Court name
HC: Criminal Division (Uganda)
Judgment date
13 January 2004

Uganda v Asiimwe (Criminal Session Case-2002/107) [2004] UGHCCRD 1 (13 January 2004);

Cite this case
[2004] UGHCCRD 1
Short summary:

Criminal law

THE REPUBLIC OF UGANDA

IN THE HIGH COURT AT MASAKA

CRIMINAL SESSION CASE NO. 0107/2002

 

UGANDA :::::::::::::::::::::::::::::::::::::::::::::::::::::::: PROSECUTION

                                                VERSUS

ASIIMWE MOSES ::::::::::::::::::::::::::::::::::::::::::::::::ACCUSED

BEFORE: THE HON JUSTICE V.F. MUSOKE-KIBUUKA

JUDGMENT:

The accused person in this case, Asiimwe Moses, was indicted for robbery with aggravation contrary to section 272 and 273 (2) of the Penal Code Act.

It was alleged, in the particulars of the offence that on the 25th day of February, 2002. At Lwempwanyi village, in Masaka District, the accused robbed Namanya Selapio, a Motor cycle, Yamaha engine No.F5B and chassis No.F5b-86234. It was also alleged that during or immediately before or after the robbery, the accused used a deadly weapon, to wit a knife, on Namanya Selapio.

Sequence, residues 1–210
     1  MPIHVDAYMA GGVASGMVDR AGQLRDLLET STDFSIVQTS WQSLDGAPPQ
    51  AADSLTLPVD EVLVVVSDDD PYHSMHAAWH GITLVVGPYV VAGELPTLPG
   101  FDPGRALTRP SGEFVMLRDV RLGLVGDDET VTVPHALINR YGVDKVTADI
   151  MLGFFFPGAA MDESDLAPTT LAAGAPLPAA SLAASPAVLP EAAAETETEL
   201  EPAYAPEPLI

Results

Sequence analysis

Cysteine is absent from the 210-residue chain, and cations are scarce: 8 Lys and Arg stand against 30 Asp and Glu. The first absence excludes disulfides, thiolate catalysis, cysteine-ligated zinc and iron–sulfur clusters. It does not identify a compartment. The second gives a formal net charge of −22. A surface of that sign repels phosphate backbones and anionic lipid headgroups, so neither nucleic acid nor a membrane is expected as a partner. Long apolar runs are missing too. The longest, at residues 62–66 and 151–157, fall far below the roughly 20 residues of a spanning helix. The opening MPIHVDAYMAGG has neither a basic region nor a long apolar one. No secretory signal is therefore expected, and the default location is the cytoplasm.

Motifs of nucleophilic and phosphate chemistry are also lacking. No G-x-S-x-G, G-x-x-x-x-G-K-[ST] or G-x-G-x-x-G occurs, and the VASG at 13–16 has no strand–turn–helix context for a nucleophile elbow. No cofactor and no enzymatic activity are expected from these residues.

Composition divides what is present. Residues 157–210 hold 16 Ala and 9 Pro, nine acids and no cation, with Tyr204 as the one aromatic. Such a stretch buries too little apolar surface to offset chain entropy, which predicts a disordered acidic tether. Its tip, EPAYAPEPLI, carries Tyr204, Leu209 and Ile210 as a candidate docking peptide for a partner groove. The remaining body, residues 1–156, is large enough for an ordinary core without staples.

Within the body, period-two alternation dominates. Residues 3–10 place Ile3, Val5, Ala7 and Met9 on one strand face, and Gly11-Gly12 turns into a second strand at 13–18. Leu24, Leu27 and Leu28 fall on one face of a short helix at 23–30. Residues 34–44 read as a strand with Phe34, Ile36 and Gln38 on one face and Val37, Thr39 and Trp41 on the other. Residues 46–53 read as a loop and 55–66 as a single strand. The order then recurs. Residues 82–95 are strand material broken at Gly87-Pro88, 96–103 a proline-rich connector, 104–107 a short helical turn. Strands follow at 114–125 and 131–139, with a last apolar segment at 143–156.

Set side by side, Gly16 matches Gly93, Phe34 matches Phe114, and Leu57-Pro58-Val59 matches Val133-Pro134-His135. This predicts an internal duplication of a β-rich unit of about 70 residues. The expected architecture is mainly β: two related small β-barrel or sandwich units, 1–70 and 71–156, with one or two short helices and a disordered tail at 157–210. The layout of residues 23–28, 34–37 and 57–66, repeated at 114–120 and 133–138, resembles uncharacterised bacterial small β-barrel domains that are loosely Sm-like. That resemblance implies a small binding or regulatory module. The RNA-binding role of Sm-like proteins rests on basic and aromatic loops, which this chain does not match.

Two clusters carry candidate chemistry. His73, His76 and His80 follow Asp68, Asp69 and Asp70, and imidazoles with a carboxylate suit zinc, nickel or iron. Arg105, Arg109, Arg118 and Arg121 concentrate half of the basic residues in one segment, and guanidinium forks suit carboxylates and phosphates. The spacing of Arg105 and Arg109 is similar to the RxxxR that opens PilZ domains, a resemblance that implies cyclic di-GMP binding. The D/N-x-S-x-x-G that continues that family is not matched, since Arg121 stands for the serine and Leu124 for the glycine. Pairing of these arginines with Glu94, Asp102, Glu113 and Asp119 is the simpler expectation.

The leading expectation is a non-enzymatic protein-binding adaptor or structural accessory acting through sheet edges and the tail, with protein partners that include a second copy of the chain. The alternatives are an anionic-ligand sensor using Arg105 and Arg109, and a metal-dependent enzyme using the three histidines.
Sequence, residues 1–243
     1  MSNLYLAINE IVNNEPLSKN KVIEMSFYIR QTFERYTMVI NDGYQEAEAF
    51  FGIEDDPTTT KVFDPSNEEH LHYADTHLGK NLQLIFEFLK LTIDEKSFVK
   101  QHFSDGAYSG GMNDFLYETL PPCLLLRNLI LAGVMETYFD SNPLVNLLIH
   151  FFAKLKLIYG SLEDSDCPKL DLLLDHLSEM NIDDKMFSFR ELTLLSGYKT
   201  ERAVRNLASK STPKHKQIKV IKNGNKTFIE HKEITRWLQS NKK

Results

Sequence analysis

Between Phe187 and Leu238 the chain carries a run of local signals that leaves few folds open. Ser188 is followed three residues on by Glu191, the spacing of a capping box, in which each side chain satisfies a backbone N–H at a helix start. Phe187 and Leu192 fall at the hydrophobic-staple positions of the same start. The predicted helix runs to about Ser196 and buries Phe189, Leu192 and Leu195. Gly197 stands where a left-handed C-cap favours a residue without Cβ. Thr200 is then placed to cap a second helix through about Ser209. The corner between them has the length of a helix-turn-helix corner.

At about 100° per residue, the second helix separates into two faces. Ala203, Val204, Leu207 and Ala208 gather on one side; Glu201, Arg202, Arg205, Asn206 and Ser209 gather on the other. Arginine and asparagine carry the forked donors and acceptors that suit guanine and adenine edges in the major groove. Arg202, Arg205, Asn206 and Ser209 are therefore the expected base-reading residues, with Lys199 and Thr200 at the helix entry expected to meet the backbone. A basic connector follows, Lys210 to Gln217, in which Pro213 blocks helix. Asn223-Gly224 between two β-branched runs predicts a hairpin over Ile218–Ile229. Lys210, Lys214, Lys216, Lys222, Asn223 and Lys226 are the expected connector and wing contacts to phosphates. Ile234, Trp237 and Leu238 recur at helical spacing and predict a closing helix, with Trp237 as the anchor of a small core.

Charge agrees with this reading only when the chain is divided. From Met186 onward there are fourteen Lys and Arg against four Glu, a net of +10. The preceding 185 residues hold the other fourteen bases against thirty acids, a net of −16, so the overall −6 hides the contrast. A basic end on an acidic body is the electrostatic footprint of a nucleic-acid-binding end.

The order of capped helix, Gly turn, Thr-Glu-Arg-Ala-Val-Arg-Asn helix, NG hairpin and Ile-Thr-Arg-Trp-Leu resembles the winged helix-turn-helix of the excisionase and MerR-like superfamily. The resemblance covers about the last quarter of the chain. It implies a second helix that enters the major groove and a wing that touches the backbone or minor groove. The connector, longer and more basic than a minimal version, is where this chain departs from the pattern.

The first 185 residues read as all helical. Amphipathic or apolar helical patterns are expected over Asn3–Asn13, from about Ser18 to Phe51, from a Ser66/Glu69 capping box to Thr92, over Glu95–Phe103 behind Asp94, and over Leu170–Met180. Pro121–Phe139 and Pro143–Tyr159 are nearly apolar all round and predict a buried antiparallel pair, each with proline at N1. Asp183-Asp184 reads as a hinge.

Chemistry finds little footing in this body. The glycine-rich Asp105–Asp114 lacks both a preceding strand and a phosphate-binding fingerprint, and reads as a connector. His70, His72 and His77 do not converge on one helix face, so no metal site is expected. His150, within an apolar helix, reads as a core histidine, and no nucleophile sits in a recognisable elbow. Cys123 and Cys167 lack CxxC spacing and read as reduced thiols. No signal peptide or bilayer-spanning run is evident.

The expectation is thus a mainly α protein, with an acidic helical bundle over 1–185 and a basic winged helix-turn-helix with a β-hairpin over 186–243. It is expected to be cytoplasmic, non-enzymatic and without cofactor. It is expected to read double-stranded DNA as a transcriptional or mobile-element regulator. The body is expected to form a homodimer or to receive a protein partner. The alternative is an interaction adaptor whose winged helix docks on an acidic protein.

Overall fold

The law in Uganda imposes the burden of proving the case against an accused person beyond any reasonable doubt, Leonard Aniseth vs Republic [1963] E.A. and Okale and others vs Uganda [1965] E.A. 555. An accused person bears no obligation to prove his or her innocence. He or she cannot be convicted upon the strength of the case presented by the prosecution through evidence led during the trial of the accused person.

In the instant case, the prosecution led evidence from some six witnesses. The defence consisted of evidence given upon oath by the accused in his own defence. This Court also invoked its powers under section 39 of the Trial on indictment Act, Cap.23 and called one witness to verify exhibit D1 that witness, Elias Kizito, appears on the record as CW1.

The case for the prosecution is that PW5, Namanya Selapio, was a Boda boda operator based at Kyazanga trading centre in Masaka District. On 25th February 2002, at about 6.00 p.m. hired by the accused to take him to a place called Keikolango. The accused had a collection of some empty sacks which he said he intended to use to purchase milk from Keikolongo.

PW5 took the accused to Keikolongo and waited for him. On the way back when the two reached some forested area at Lwempwanyi, the accused suddenly stabbed PW5 in the head and on the right side of the neck with a knife with a shining blade and black handle. Both the accused and PW5 fell off the motor cycle but the accused quickly got up and grabbed the motor cycle. As PW5 struggled to follow up the accused to prevent him from riding away, the accused got out a second knife and shouted at PW5 “Come and die if u want to do so”